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I am periodically cleaning the memory in R using a call to rm(list=ls()).
Do I need to call the garbage collector gc() after that?

What is the difference between these 2 functions? Does gc() call rm() for certain variables?

69

First, it is important to note that the two are very different in that gc does not delete any variables that you are still using- it only frees up the memory for ones that you no longer have access to (whether removed using rm() or, say, created in a function that has since returned). Running gc() will never make you lose variables.

The question of whether you should call gc() after calling rm(), though, is a good one. The documentation for gc helpfully notes:

A call of gc causes a garbage collection to take place. This will also take place automatically without user intervention, and the primary purpose of calling gc is for the report on memory usage.

However, it can be useful to call gc after a large object has been removed, as this may prompt R to return memory to the operating system.

So the answer is that it can be good to call gc() (and at the very least, can't hurt), even though it would likely be triggered anyway (if not right away, then soon).

  • Thank you for your answer. Generally speaking, is R automatic garbage collection considered as good? (as robust as java's one for instance) – RockScience Jan 11 '12 at 3:51
  • That's a difficult question to answer, I'm not sure. This question is useful. – David Robinson Jan 11 '12 at 4:52
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    Generally you should not have to call gc, and it's unlikely to make much difference if you do. – hadley Jan 11 '12 at 13:20
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    @hadley That doesn’t align at all with my experience. On the contrary, R often causes my operating system to swap even after large objects (~ a few hundred MiBs) are no longer available. Manually calling gc(), however, avoids this. Using available memory is OK, unnecessarily swapping really is not, since it negatively impacts the usability of the OS. State of the art GCs handle this much better. – Konrad Rudolph Oct 29 '15 at 15:54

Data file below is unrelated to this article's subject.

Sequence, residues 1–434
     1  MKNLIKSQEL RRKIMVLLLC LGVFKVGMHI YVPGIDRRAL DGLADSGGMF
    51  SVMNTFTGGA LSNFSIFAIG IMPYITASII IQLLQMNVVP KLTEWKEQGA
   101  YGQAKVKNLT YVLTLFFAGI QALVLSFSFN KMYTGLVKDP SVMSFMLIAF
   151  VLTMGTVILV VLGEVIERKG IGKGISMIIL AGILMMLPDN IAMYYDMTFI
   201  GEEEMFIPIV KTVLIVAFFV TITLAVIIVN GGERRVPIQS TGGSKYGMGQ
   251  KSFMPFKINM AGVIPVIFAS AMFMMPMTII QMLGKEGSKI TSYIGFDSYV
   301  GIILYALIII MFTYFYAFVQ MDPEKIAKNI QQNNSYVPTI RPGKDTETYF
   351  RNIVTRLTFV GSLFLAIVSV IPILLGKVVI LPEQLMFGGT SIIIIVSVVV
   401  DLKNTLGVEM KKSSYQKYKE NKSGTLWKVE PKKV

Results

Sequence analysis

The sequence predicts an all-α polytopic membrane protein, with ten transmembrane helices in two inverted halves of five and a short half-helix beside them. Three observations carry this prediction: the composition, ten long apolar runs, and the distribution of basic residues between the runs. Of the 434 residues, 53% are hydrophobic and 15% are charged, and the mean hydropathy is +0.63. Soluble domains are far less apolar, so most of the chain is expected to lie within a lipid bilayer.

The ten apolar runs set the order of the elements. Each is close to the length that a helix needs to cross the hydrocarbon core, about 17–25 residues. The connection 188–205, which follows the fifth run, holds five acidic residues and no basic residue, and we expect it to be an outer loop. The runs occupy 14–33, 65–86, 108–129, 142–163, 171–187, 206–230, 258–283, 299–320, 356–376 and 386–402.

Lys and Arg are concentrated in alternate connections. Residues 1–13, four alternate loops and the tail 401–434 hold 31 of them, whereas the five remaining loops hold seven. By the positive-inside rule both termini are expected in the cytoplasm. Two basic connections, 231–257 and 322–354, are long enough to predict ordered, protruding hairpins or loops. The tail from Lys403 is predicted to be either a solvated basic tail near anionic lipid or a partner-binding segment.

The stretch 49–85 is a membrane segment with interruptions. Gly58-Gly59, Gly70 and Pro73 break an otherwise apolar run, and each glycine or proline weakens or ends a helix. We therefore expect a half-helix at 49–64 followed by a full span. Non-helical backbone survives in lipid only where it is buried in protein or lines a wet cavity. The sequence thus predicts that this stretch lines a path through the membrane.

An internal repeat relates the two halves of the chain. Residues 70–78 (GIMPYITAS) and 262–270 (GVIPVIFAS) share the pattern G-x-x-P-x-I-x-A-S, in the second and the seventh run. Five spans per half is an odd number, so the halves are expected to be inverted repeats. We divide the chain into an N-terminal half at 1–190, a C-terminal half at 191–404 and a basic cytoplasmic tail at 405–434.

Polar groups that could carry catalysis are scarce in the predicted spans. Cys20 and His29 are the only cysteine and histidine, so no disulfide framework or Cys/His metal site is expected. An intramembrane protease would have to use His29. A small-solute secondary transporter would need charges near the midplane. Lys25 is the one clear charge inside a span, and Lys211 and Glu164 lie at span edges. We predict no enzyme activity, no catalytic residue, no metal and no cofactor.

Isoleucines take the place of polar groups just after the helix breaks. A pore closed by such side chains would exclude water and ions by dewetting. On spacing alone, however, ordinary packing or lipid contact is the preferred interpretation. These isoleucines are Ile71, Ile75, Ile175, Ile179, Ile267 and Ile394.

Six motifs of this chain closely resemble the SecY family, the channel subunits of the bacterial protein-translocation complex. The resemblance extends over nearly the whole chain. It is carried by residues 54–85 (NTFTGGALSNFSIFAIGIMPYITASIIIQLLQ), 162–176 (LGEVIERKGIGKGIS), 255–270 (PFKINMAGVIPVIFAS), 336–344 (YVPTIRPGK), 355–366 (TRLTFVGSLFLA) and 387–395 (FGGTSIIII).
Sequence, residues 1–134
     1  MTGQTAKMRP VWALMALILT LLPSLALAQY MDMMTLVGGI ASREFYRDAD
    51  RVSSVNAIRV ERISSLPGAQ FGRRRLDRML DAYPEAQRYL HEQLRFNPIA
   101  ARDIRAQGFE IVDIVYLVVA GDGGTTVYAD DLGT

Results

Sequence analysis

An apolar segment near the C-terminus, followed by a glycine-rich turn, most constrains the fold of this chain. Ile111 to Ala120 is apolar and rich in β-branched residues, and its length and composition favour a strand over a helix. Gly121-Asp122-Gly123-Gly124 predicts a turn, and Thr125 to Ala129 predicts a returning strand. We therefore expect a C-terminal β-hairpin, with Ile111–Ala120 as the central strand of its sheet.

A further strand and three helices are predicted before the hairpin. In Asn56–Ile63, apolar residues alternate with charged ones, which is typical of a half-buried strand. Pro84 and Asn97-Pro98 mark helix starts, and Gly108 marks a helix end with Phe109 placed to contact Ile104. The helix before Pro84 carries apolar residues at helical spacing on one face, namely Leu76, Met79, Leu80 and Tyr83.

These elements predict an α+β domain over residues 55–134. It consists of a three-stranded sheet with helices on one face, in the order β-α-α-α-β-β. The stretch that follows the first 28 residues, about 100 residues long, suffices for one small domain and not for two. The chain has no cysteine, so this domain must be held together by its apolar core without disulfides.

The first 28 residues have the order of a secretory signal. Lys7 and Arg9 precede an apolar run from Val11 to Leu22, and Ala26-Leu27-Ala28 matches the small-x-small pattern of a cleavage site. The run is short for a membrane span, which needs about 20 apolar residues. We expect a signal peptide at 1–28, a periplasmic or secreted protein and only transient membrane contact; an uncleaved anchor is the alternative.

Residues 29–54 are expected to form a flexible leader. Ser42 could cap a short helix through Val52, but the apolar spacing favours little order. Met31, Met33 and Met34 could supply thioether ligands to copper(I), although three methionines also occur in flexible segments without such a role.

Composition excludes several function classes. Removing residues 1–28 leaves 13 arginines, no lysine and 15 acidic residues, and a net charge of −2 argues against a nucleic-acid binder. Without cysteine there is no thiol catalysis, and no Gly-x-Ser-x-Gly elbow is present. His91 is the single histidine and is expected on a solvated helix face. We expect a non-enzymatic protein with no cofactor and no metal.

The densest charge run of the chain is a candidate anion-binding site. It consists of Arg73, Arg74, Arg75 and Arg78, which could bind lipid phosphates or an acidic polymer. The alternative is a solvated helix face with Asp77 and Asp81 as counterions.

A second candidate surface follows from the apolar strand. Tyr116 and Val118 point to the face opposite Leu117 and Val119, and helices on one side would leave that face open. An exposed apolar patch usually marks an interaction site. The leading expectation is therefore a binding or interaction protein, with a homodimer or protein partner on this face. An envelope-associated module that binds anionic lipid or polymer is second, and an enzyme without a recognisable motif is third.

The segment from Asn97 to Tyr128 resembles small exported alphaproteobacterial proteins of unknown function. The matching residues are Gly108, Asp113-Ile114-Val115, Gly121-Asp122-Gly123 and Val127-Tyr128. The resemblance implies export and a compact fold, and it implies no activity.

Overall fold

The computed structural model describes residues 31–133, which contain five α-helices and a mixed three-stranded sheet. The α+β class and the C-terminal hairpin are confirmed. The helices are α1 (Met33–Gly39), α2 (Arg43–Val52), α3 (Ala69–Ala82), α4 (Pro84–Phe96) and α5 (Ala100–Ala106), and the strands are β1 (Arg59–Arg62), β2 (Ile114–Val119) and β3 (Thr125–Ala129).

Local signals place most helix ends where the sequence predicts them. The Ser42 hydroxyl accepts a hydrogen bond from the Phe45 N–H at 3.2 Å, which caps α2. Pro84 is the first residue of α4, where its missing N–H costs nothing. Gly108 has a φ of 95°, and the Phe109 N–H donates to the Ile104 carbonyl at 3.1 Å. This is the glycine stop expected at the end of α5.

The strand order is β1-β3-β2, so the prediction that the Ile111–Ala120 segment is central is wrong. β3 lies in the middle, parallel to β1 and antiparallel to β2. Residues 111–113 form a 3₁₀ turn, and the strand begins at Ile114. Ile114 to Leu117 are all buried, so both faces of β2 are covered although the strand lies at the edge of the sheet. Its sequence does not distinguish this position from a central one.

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    Seconding @KonradRudolph's comment - in some recent work I've been noticing enormous amounts of memory consumed by a function's local variables. The memory is not freed when the variables go out of scope, as it would be in other languages. I had to call gc(). – Paul Aug 20 '17 at 12:37
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Personally I like to include the gc() in loops to free up some RAM when the loops start filling up the available space. Something like

for(i in 1:1000){
res[[i]] = some operation
gc()
}
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    Please be aware to calling gc() comes with a hefty performance penalty in the order of 100ms per call. So in this case your code will run about 100 seconds longer than necessary :) – ThankGoat Nov 24 '17 at 8:39
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Re ThankGoat's comment on gc penalty, while this is true, one could of course decide to call gc every N iterations in a loop (where N can be parameterised in a number of ways). For loops where number of iterations is large, but resource usage within a given iteration is more modest, it may well not be necessary to do GC each and every iteration in order to regain desired performance.

Of course, if you're looping with a very large number of very high usage iterations, it's a different story, but at that stage it may well the case that the code simply needs to be vectorised and / or maybe even written in another language.

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